Greeting Greyhawk fanatics. Today I'm going to take a wild stab at an esoteric topic I bet no one except perhaps Gary Gygax, Anne Brown and Lance Hawvermale have ever pondered: how many Rhennee are there in the Flanaess? Before I get into my boring research, a few caveats, one, I'm no expert on demographics. There is many D&D fans who have done way more in this department than me. Two, I'm only going to count the barge-folk Rhennee, not their land-born cousins, the ill-named Attloi. Lastly, I'm pulling together sources from a few disparate editions here, to arrive at an interesting conclusion. None of this fantastical population crunching should diminish your love of the Rhennee, instead I hope it enhances by making DMs and players take notice of this human ethnicity and give them a try in the future. Enjoy!

According to Gygax, in the Glossography, the Rhennee resemble Oeridians except they have darker, curlier hair and are shorter on average. They are wiry and strong and claim to have come to the Flanaess accidentally from a legendary homeland called Rhop. While their ancestors rode horses and lived in wagons, modern Rhennee culturally took to living in barges on the waters of the Nyr Dyv and its surrounding rivers by necessity of being immigrants in a hostile world.

Each Rhennee barge is home to a family averaging 33 people. The break down in the Glossography is as such: 1 chief, 2-4 guard, 13-24 "folk", 1-2 "advisors", 7-12 children and 1 "wise woman" (called Veth in 3rd Edition). Accordingly a barge inhabited by a Rhennee noble has a maximum compliment on his home barge, or 45 people.

In the Living Greyhawk Journal #2 article, The Way of the Lake by Lance Hawvermale, (buy it on DMsGuild) he writes that there are about 100 Rhennee nobles and roughly 5000 Rhennee total population. I postulate that this amount is low given what information is available from prior sources. 100 Nobles consisting of a family of 45 would already arrive our number of Rhenn-folk at 4500. Since there are clearly "common" Rhennee people who rally around these nobles in groups of 12-16 barges, the number must be higher!

Again taking averages, each Rhennee lord has about 13 common barges in his fleet. If each has an average family size of 33 as per Gygax's lists, then one noble family totals 574 Rhennee. And if we max out the over-all nobility of Rhennee at 100, then that easily gives us 57,400 Rhennee on the waters, or eleven times Hawvermale's initial estimate. Even with just 50 Rhennee nobles, the totals are impressive enough at 28,700. Take your pick of how many nobles there may be in the Flanaess.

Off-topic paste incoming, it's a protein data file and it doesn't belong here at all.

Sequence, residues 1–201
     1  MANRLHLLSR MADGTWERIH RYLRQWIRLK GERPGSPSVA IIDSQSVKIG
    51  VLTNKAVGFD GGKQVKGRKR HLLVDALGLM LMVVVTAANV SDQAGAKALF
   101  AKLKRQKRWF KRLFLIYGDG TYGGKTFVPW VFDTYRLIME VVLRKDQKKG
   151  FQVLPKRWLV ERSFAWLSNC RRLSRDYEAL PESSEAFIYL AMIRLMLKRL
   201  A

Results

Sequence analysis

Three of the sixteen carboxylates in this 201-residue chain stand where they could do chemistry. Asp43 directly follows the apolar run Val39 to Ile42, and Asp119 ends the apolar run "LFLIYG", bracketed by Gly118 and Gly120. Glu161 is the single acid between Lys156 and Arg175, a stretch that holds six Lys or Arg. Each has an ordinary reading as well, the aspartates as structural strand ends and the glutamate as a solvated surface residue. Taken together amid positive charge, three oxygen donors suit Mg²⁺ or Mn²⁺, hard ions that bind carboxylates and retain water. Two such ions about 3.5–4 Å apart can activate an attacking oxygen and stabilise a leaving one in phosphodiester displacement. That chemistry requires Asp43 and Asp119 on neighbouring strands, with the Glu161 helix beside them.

Now of course, things happen on the Lake of Unknown Depths. Life is harsh in the World of Greyhawk. Perhaps the Rhennee have catastrophic deaths per year? Fine, but Gygax accounted for this, and later sources on the Rhennee omit this quite unfortunate fact: 

"When needed, Rhennee steal young children to fill their ranks. Stolen children are raised as and become "natural" Rhennee. Similarly, outsiders who do some great service for the Rhennee are taken into the folk and sometimes accorded great status."

So yes, Rhennee are a culture, not a human bloodline necessarily. Players looking for an exotic background for their characters could theoretically make a Rhennee raised or adopted from virtually any playable race from tieflings to halflings.

According to Anne Brown in the Players Guide to Greyhawk (2E) the legendary Rhopans came in wagons to the Adri Forest and migrated west in CY 150. So, if we use the base timeline of Living Greyhawk CY 591, the Rhennee have been on Oerth for only about 440 years. That means depending on your source, 5000 to 57,000+ Rhennee exist after four and a half centuries of roaming the Flanaess (not counting Attloi). Now I'm no expert on Middle Ages style demographics, but either a small band of Rhennee accidentally rode into this world and prospered, or much like the Suel fleeing the Rain of Colorless Fire, they came en masse possibly through a magic gate or across a Fading Land as they are often found in this setting. 

Despite my argument for more Rhennee, the inclination that there are 5000 or fewer is a good one. After all, why would 57,000 Rhennee need to stick to the waters, when they could just overwhelm and settle a place like the City of Greyhawk (that does have a Rhennee population) with nearly the same population. They could just as easily take over a lesser coastal town in the Bandit Kingdoms or anywhere with that kind of numbers. So, either the Rhennee don't have the numbers to establish their own domain, or their nobles choose to stay on the waters and hide their numbers to seem neither too weak nor too powerful. Well DMs, the decision is yours, I've made the case for both population levels. In summary, use Rhennee! They make helpful guides, traders, bards, fortune-tellers, villains and even heroes.